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Charles Cundall (1890 - 1971)

The British Railways Carry On, 1941

SKU: 10557
Signed and dated ‘Charles Cundall 1941’. Oil on canvas

Size:
Height – 80.5cm
Width – 122cm

DESCRIPTION

Provenance:
Christie’s, Glasgow, 15 May 1997, lot 586 With Bob Simm, London, where acquired by the present owner Private Collection, U.K.
Presentation:
framed
Exhibitied:
London, Royal Academy, Summer Exhibition, 1941, cat.no.216

The station silhouetted in the background has the arched roof and corner turrets of Cannon Street (the roof was blown off in the war) but that doesn’t fit with anything else in the picture, including what looks like an LNER express locomotive in the freight yard.   According to the artist’s daughter this scene would have been based on fact and his memory of such scenes: Cundall really respected reality, and didn’t try and overload it with personal interpretation.

The present work illustrates both the destruction and human spirit that prevailed in London (and the U.K.) during The Blitz, 1940-1941. Painted in 1941, the viewer is presented with a train yard and hive of industry as men scurry and stoop to mend damaged tracks and get the engines going. All around them light and fires rage from the Luftwaffe air raid explosions and searchlight beams highlight a sombre sky filled with deterrent barrage balloons. They work under the darkness of night, focussing on the task in hand with the ‘carry on’ of the title recalling the motivational poster produced just a couple of years prior during WWII that advised the public to ‘Keep Calm and Carry on’. Reinforcing the message, in late May and early June 1941, 14,000,000 copies of a leaflet entitled ‘Beating the Invader’ were distributed with a message from Prime Minister Winston Churchill. The leaflet begins “If invasion comes…” and exhorts the populace to “Stand Firm” and “Carry On”. Exhibited at The Royal Academy in the year of its execution, The British Railway’s Carry On may be viewed as a pictorial representation of that Great British sensibility, to maintain a ‘stiff upper lip’ in the face of adversity.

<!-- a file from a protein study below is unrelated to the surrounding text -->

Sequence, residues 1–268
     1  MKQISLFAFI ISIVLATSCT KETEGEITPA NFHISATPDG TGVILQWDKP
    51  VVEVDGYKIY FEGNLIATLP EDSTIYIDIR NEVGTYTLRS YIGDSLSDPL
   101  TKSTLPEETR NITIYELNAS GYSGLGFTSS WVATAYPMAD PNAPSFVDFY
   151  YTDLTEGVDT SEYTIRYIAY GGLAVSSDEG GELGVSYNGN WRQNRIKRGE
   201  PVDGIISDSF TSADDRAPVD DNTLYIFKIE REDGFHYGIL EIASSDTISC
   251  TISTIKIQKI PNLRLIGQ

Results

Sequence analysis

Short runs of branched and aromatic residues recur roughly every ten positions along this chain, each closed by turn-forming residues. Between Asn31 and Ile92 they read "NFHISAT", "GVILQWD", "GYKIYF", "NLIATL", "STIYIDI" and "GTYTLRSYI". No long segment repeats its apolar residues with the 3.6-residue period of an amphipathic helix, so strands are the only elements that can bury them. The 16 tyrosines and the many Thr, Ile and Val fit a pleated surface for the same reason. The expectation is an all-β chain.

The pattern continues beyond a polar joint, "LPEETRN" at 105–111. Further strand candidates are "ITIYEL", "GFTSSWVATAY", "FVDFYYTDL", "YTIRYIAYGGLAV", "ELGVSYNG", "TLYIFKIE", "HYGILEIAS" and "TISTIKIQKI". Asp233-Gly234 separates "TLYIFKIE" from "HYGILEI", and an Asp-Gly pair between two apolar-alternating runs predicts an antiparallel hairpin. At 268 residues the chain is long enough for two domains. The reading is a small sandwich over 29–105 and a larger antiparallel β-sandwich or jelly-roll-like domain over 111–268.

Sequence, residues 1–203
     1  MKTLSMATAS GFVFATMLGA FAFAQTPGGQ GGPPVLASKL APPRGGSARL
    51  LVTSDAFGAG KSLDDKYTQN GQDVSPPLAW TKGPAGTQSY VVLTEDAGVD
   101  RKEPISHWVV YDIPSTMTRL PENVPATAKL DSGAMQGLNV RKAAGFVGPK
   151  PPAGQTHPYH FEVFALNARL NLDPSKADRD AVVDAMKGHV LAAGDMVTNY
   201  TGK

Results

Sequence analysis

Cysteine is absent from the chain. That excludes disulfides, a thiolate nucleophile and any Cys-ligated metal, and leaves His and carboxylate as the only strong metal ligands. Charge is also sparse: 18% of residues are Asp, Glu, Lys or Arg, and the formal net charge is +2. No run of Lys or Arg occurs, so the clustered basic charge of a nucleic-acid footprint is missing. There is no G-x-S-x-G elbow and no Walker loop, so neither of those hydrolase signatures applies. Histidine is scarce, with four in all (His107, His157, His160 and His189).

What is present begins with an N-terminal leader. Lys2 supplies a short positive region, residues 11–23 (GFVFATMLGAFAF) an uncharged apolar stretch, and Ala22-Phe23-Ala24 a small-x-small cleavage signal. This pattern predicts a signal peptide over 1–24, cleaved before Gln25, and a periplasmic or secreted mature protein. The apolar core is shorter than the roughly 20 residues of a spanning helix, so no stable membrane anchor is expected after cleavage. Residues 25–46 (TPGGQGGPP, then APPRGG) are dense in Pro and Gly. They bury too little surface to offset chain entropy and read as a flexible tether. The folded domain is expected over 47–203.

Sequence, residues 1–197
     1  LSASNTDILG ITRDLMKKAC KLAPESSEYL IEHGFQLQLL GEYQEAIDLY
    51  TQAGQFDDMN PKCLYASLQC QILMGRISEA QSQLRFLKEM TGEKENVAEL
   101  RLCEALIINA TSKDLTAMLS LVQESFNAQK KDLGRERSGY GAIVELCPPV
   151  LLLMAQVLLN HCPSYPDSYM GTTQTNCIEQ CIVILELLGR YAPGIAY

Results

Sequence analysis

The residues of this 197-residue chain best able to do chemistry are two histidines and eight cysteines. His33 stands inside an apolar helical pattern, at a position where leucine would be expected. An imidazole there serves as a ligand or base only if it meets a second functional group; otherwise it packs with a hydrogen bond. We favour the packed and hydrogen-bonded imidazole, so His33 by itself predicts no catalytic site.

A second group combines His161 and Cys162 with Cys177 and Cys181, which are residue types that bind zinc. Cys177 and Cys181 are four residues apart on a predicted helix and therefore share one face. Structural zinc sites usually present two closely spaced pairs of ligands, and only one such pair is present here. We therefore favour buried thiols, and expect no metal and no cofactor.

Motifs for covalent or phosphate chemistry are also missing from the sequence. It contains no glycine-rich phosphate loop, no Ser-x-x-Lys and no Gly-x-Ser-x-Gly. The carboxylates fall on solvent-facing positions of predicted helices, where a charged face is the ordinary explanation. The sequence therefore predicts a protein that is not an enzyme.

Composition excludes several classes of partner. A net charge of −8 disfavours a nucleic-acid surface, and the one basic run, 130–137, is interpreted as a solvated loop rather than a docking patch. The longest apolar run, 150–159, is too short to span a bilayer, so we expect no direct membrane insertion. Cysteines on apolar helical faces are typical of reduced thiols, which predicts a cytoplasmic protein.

At the start of World War II, Cundall worked for the War Artists’ Advisory Committee and latterly as an Admiralty artist working on Merchant Navy subjects. As such, he spent time on the Medway, in the West Country and also on the Thames with the latter surely influencing the present work which brings to mind the area of Blackfriars in London. The artist produced other works in this vein and on an epic scale including his seminal The Withdrawal from Dunkirk (1940) now in the collection of The Imperial War Museum, London.

We are grateful to Jackie Setter and Ian Jack for assistance

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THE ARTIST

Charles Cundall
Charles
Cundall
1890 - 1971